Articles Posted in Pedestrian Accidents

Imprint in SnowIn early January 2018, the continental United States experienced record-breaking weather conditions.  Snow came down in parts of the country that usually enjoy mild winters, including Florida, where, reportedly, the cold caused iguanas to lose their grips and fall out of trees.  Inclement weather and the hazards it poses to health and safety can be unexpected.

Property owners and others in New Mexico are obligated to ensure that the premises under their control are safe and do not pose hazards to visitors.  Premises liability can be triggered when there are New Mexico slip and fall accidents within and outside commercial properties, including but not limited to stores, restaurants, and hotels, and residential properties, such as houses and apartment buildings.

To help minimize the occurrence of injurious accidents that can result from hazardous outdoor conditions, New Mexico law has provisions in place imposing obligations on property owners at the municipal level.

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pedestrian crossingThe Albuquerque City Council recently passed Council Bill Number F/S O-17-51 to improve safety in the city and reduce the occurrence of Albuquerque pedestrian accidents and related issues.  Under the ordinance, pedestrians are prohibited from occupying certain locations absent an emergency, including those near highway entrance and exit ramps and medians.  The new ordinance also prohibits pedestrians, in the absence of an emergency, from engaging in physical interactions or exchanges with drivers and other occupants of vehicles.  Similarly, occupants of motor vehicles within travel lanes or intersections are prohibited from engaging in physical interactions or exchanges with pedestrians unless an emergency situation makes the interactions or exchanges necessary.  Signs are anticipated to go up soon to advise people of the new city ordinance.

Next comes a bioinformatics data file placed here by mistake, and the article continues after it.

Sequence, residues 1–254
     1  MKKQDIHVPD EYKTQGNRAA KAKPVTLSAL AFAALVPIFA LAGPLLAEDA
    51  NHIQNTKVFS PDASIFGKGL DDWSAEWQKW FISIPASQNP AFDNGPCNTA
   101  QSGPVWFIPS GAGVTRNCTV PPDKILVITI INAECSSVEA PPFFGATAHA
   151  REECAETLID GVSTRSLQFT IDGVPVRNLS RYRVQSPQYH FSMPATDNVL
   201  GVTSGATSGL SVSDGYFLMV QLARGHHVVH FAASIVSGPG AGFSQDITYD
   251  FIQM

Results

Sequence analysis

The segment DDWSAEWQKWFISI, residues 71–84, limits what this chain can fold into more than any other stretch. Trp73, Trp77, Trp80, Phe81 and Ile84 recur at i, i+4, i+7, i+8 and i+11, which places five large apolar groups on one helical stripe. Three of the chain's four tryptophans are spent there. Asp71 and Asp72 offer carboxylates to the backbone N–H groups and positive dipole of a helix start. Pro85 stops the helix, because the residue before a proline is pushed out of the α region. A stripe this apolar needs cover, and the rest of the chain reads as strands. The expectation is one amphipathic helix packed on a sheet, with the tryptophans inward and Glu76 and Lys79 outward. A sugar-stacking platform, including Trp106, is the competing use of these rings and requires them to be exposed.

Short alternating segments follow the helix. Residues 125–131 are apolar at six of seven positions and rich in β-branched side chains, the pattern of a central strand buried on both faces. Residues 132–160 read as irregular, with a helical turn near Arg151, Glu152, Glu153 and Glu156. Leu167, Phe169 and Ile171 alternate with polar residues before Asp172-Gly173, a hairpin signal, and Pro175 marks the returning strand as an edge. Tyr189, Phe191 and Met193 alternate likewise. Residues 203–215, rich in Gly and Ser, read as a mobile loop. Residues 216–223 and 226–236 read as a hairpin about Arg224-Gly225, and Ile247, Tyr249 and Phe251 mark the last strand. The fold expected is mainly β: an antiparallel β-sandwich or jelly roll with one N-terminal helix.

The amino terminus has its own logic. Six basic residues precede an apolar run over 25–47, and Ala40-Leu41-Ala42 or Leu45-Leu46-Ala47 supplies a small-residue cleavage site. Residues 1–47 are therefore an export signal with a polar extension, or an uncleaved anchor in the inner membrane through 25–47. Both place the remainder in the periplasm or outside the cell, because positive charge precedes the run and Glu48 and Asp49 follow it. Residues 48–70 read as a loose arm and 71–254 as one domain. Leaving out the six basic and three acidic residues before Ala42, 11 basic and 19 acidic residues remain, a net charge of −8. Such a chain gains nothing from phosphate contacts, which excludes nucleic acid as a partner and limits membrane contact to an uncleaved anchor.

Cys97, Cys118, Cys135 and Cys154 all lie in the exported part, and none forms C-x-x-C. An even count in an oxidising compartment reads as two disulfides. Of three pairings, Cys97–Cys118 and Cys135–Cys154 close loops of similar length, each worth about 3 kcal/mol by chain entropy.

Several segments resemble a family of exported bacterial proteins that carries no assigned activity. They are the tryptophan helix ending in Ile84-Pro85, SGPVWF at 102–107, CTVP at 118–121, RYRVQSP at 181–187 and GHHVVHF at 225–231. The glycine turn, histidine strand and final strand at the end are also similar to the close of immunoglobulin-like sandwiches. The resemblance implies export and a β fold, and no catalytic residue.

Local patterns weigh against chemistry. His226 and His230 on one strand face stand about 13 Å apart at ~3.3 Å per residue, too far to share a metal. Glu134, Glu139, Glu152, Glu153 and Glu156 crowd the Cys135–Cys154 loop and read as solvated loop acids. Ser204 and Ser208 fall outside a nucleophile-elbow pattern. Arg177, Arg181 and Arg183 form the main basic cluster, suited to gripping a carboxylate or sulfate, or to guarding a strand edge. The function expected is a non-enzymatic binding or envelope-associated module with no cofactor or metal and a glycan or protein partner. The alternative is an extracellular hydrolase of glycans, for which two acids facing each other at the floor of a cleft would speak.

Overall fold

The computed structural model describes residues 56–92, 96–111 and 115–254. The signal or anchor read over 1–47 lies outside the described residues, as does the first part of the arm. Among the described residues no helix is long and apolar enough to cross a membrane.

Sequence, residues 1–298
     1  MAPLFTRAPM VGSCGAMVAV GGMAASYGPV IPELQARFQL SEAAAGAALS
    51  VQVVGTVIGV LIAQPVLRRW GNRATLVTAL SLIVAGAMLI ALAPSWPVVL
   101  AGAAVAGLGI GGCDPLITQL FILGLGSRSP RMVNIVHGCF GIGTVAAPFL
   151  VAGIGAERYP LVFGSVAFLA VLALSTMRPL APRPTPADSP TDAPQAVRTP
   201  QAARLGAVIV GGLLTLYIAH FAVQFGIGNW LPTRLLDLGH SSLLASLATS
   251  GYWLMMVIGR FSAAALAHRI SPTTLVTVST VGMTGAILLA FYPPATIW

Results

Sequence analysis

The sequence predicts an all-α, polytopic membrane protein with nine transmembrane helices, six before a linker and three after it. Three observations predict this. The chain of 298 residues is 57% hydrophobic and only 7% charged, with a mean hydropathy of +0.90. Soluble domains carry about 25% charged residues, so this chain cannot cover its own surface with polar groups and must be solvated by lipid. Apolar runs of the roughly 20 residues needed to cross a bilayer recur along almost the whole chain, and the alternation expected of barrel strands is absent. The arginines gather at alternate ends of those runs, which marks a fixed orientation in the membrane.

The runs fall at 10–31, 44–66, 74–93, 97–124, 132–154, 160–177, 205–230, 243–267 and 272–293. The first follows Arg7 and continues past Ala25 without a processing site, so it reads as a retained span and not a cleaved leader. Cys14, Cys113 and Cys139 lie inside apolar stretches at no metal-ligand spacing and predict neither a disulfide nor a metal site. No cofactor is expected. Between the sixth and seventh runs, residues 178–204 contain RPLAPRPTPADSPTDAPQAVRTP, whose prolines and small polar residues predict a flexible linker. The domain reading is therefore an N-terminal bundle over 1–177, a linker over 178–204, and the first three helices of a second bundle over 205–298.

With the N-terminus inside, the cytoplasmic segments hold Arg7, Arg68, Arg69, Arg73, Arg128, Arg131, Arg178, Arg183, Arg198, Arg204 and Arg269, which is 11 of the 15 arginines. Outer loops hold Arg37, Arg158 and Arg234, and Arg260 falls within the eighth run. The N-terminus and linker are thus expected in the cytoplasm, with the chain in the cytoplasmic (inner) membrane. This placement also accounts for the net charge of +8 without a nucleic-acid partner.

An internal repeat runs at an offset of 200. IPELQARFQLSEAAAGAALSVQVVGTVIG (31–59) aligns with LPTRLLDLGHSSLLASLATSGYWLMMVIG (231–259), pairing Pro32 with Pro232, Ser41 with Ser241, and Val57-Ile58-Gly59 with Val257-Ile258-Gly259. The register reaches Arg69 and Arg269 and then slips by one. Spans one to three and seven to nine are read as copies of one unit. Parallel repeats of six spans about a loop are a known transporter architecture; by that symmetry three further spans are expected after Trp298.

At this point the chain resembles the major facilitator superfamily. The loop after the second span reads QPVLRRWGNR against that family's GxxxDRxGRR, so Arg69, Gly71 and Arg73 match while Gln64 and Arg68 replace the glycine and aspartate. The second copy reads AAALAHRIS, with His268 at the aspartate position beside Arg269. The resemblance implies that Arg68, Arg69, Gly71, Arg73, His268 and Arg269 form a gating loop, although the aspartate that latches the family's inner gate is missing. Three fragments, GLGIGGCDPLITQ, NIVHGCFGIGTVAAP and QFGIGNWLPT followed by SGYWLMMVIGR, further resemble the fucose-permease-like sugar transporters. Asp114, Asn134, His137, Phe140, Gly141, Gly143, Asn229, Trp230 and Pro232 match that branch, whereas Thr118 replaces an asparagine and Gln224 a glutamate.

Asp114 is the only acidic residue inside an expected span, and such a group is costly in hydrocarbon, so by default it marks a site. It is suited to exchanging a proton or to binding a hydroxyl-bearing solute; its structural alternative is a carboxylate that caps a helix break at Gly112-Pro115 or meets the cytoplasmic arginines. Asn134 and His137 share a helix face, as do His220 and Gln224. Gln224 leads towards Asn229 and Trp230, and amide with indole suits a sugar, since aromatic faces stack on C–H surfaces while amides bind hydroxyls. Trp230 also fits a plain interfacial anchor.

According to a KOB 4 article, the American Civil Liberties Union (ACLU) of New Mexico has expressed concerns that the ordinance violates the First Amendment of the U.S. Constitution because of its impact on panhandling.  The ordinance does not discuss panhandling; it does discuss alarming statistics concerning pedestrian fatality rates in New Mexico in general and in Albuquerque in particular.

Among the statistics cited in the new Albuquerque city ordinance is the fact that New Mexico, as compared to other states, had the highest rate of pedestrian fatalities per 100,000 residents in 2014 and the seventh-highest rate in the year 2015.  The city of Albuquerque is said to have had the second-highest rate of pedestrian fatalities per 100,000 residents among U.S. cities with a population of over 500,000 in 2014.  As Albuquerque-specific statistics go, the city ordinance explains that among all of the pedestrian and bicyclist accidents involving crashes in New Mexico, more than 40% of the crashes occurred in the city of Albuquerque, and over 80% occurred around intersections.  Hopefully, the new measures will reduce accidents and improve safety.